Weekends are time when things slow down a little. Your weekend shouldn’t be two more regular workdays. That’s a sure road to burnout. Take time to refresh yourself. Take time for something different. Take time for some of that reading you can’t find time for during the week. Here are choice articles on hot leadership topics culled from the business schools, the business press and major consulting firms.
“In the dance that is conversation, participants are often reluctant to ask sensitive questions for fear of stepping on their partner’s toes. But that fear is overblown, according to new research that shows that most people don’t really mind answering sensitive questions, and asking them doesn’t leave a bad impression. In fact, direct questions about delicate topics can lead to deeper, more meaningful conversations that foster greater understanding and bring people closer together.”
“Researchers are using cutting-edge science and technology to defeat Covid-19. But 100 years ago, Alexander Fleming made a discovery that would help vanquish an even deadlier scourge—and he did it simply by paying attention.”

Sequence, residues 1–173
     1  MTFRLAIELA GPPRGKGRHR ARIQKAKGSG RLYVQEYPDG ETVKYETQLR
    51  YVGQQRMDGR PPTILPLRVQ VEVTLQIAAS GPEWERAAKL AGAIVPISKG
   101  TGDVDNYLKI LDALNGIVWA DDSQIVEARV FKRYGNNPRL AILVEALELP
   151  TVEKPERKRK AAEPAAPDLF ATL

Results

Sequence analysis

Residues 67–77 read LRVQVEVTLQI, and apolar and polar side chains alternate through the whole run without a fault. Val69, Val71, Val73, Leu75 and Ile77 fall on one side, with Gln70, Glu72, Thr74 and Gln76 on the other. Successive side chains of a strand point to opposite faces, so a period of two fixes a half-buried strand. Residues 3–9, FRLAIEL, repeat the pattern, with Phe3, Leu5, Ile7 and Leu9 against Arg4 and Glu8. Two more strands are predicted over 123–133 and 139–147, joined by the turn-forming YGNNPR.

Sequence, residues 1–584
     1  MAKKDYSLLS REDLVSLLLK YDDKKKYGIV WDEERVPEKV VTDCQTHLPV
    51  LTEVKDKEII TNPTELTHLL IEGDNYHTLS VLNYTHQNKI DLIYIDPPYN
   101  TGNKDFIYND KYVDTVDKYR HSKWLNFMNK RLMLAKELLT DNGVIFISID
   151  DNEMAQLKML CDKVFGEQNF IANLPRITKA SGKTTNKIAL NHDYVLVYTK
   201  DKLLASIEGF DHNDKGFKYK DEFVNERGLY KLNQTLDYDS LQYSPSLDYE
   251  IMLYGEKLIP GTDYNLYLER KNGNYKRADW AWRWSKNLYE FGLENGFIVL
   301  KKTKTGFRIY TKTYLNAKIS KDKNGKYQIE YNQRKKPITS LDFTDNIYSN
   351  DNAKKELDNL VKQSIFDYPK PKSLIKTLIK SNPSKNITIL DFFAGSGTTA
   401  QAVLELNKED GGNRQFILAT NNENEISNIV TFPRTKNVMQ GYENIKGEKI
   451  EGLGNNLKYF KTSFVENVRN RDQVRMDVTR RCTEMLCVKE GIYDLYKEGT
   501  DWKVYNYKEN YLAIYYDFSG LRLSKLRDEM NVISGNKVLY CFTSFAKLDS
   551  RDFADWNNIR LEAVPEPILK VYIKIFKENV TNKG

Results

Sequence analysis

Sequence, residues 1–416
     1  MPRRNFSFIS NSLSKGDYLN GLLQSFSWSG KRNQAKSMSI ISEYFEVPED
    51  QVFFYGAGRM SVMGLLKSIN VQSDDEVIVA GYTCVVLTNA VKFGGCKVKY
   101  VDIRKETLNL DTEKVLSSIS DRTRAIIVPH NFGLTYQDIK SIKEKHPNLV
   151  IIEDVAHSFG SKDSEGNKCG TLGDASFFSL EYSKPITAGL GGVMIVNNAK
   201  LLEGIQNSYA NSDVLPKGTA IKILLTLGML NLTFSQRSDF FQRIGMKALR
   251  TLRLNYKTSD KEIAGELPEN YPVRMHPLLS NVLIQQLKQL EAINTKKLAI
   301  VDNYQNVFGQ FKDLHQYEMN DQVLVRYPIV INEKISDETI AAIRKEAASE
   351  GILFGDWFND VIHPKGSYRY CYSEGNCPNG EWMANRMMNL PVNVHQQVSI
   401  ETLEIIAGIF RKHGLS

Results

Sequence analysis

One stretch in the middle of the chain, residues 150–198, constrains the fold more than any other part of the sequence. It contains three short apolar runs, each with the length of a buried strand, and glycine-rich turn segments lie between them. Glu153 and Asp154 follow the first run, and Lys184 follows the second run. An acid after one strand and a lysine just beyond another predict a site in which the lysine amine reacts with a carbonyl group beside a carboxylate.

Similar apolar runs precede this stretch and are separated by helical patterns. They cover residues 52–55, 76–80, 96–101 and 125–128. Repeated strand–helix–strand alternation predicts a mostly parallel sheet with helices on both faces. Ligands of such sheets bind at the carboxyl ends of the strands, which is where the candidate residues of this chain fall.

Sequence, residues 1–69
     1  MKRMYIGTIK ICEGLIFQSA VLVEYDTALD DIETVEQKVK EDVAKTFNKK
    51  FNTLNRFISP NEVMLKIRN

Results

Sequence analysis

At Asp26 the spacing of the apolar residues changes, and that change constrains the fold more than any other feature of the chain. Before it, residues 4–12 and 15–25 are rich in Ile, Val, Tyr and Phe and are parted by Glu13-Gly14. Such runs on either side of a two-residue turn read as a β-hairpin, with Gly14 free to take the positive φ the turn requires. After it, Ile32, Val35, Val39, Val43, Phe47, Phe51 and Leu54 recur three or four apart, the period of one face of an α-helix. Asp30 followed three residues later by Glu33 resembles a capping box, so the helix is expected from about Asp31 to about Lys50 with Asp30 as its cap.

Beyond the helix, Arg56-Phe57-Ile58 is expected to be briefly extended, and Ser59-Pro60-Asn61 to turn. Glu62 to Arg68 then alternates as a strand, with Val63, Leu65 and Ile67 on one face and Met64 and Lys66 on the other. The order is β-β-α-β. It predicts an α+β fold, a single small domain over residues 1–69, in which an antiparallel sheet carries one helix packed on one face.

“As the business world increasingly strives to be a catalyst for social justice and societal progress, Ruth Bader Ginsburg’s work provides many valuable lessons for leaders.”
“When a business is going well, I’ve seen leadership teams conform to an unwritten 80-20 rule of thumb: They spend about 80 percent of their time focused on growth for the long term and only 20 percent managing the short term. But when things are not going well, I’ve observed the opposite: The temptation is to focus almost exclusively on the short term, with leaders spending a mere fraction of their time looking ahead.”
“Until a year ago Mr. D’Evelyn went to work like most of us did – more than most of us did, actually, given his consultant’s life of spending four days of every week at a client’s site on the road. But then last March he was sent home. At which point he became an involuntary part of what might be the largest natural experiment in the history of work.”
“Hiding your quirks and opinions won’t get you ahead. ‘Badass’ leaders bring their bold, authentic selves to work, without apology, says Francesca Gino.”
Every Monday, I do a blog post about business reading and business books. Follow this link to my review of If Then: How the Simulmatics Corporation Invented the Future.